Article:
“From a company’s point of view, you want the best and the brightest,” Lam said. “And if most of your applicant pool is foreign born, then you’re going to need visas in order to hire them.”
Rachel Decker, a spokeswoman for Palo Alto, California-based Hewlett-Packard, the biggest personal-computer maker, and Cris Paden, a spokesman for Symantec, the world’s largest maker of security software based in Mountain View, California, declined to comment on their H-1B hiring. Apple spokeswoman Kristin Huguet also declined to comment.
Those born in India represented 48 percent of H-1B petitions approved in fiscal 2009, the largest amount of beneficiaries, according to a report by the U.S. Department of Homeland Security. Half the graduates in the U.S. with advanced degrees in science, technology, engineering and mathematics are foreign born, Lam said.
Their numbers are transforming Cupertino, the backyard of Apple, maker of the iPhone and iPad tablet computer and the world’s most valuable technology company. In the last decade, Indian businesses have sprung up around the city, and the annual Diwali Festival of Lights, a four-day celebration in India, has become a staple in the community since 2003.
Indians there increased to 13,179 in 2010 from 4,408 in 2000, driving the fastest growth rate among California cities that are majority Asian, census data show. Whites decreased to 17,085 from 24,181 in a city that now has 58,302 residents.
California has gone from having four Asian-majority cities with a population of more than 50,000 in 2000 to 10 in 2010. The growth has transformed the makeup of classrooms. Asians, including Asian Indians, represent 70 percent of classrooms in the Cupertino Union School District, said Kausar, the school district trustee.
Some white parents now consider the public schools too academically rigorous and are opting to enroll their kids in private schools, she said.
“What I hear from people is they think they’re too pressured,” Kausar said in a May 12 telephone interview. “They feel that it is too much focus on academics and not on the whole child.”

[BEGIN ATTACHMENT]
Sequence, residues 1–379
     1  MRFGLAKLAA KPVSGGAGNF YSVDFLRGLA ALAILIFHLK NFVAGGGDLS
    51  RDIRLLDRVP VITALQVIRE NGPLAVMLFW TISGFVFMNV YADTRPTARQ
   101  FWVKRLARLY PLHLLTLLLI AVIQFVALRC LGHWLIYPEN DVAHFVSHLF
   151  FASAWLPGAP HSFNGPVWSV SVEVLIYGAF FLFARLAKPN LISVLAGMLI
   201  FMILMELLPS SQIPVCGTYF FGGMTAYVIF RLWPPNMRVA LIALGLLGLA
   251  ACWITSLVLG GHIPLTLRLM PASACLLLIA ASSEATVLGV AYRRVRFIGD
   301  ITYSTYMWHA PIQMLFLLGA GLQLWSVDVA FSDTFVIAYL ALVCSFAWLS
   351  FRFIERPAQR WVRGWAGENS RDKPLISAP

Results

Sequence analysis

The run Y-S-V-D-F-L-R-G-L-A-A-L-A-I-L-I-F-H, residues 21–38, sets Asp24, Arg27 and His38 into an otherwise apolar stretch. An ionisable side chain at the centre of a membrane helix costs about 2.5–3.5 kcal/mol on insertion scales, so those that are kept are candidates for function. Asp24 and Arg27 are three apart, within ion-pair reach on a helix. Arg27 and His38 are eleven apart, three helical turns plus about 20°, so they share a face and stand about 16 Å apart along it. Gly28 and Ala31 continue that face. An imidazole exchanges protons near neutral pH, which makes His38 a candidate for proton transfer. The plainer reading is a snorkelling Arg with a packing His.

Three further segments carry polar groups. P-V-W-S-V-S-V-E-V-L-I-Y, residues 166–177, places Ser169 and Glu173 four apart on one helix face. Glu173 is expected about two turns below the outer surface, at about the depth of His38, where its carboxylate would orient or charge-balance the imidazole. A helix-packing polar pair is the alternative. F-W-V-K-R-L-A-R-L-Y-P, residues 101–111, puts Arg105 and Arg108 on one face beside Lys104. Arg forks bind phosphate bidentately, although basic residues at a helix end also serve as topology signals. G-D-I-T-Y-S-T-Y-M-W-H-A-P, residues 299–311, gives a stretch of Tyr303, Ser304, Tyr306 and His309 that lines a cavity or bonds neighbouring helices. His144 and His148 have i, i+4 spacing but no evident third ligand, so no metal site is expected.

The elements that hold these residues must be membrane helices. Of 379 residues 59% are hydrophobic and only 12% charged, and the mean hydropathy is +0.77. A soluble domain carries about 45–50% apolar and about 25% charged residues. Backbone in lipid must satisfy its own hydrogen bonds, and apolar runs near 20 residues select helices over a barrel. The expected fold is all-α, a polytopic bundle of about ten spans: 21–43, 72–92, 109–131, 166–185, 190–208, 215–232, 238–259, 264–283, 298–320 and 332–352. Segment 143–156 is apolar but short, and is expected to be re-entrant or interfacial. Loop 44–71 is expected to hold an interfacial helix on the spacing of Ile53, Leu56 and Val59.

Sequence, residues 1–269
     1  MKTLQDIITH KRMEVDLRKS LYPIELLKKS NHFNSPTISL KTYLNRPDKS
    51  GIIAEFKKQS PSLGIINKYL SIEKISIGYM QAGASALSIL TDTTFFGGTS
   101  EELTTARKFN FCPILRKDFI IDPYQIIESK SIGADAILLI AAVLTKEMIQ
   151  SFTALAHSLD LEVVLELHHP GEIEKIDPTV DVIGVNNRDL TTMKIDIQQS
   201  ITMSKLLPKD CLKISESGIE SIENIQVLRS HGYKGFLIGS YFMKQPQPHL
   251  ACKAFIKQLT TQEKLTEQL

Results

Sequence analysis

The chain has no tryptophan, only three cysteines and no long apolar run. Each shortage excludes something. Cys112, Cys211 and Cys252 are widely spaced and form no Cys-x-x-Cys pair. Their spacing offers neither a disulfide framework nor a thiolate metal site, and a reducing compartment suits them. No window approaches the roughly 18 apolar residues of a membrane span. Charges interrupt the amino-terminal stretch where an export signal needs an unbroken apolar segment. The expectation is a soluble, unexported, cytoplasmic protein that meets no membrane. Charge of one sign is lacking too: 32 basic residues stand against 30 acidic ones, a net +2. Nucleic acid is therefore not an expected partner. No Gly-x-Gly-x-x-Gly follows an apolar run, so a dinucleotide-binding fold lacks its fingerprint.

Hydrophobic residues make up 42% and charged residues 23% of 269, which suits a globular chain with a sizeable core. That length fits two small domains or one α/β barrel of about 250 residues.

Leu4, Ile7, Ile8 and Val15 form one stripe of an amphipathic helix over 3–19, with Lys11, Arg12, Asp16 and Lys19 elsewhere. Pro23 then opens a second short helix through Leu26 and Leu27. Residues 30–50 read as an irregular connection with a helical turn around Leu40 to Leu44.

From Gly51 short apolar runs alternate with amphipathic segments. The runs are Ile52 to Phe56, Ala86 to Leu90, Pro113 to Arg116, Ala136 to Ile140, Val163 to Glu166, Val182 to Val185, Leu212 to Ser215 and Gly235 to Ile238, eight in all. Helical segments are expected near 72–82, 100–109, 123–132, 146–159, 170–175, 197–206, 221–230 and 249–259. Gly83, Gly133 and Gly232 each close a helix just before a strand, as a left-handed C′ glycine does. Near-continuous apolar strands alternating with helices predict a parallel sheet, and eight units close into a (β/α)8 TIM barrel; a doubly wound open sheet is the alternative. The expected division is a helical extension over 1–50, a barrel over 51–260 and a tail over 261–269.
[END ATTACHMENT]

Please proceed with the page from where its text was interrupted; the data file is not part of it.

The demanding nature of the education system appeals to many immigrant parents.
“Indians coming from India, they’re told that Cupertino has the best schools,” said Mahesh Nihalani, 61, the first Indian to run for a seat on Cupertino’s city council in 2009. His two adult sons attended Cupertino schools.
While 15-year-olds in the U.S. ranked 25th among peers from 34 countries on a math assessment released in December, Cupertino-area schools consistently rank among the best in California.
The school district, which includes 20 elementary schools and five middle schools in Cupertino and five other Silicon Valley cities, had the state’s ninth-highest academic performance index, in 2010, according to California Department of Education data.
The large number of Indians drawn by those schools is reshaping the community. The California Cricket Academy started in Cupertino in 2003. Its newest playing facility at the Cupertino Library grounds is the only international-level pitch in Northern California, said Ajay Athavale, the academy’s president.
‘Passionate About Cricket’
“Indians are very passionate about cricket,” Athavale said in a May 17 telephone interview. “India just won the World Cup, so people want their kids to learn how to play to continue the tradition in the United States.”
The increase also is reflected in the area’s real-estate market. About 20 percent to 25 percent of Cupertino homes sold in March were bought by South Asians, a group that includes Indians and Pakistanis, at an average price of more than $1.2 million, said Tim Cornwell, a principal at the Concord Group in San Francisco, which researches the impact of demographics on the real-estate market.
“The groups that are moving into this market are extremely affluent,” Cornwell said. “They may want cricket fields, but we’re talking about people who are affording $1.2 million houses.”